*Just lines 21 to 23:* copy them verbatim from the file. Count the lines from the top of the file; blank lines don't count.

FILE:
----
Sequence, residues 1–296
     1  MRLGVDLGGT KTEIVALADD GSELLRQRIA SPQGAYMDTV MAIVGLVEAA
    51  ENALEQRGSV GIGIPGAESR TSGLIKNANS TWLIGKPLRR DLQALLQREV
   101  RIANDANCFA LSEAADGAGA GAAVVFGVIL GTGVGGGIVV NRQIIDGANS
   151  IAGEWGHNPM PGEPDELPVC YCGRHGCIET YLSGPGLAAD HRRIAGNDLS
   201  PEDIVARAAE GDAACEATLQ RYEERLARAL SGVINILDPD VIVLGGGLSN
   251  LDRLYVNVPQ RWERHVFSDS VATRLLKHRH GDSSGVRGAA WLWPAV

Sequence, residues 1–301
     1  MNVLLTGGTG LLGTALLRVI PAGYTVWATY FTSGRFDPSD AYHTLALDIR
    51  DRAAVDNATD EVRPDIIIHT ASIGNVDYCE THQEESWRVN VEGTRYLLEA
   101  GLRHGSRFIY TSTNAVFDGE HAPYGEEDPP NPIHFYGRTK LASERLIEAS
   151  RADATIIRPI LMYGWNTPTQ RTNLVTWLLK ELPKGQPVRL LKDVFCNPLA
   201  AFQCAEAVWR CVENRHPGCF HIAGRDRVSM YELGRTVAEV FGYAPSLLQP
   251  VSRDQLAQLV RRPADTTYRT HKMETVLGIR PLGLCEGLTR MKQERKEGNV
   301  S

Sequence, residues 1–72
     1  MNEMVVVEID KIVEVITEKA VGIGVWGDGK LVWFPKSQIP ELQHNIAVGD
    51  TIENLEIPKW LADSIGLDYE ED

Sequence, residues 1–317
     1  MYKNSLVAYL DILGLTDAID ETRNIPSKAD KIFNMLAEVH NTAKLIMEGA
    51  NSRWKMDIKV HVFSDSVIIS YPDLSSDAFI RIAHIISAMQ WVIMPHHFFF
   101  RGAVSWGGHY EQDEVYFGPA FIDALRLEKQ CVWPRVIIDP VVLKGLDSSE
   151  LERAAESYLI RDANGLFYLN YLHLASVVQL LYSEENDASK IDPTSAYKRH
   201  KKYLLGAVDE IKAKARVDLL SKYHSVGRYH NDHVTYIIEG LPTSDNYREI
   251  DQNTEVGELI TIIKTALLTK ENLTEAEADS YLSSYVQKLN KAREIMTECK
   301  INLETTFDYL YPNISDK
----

    51  NSRWKMDIKV HVFSDSVIIS YPDLSSDAFI RIAHIISAMQ WVIMPHHFFF
   101  RGAVSWGGHY EQDEVYFGPA FIDALRLEKQ CVWPRVIIDP VVLKGLDSSE
   151  LERAAESYLI RDANGLFYLN YLHLASVVQL LYSEENDASK IDPTSAYKRH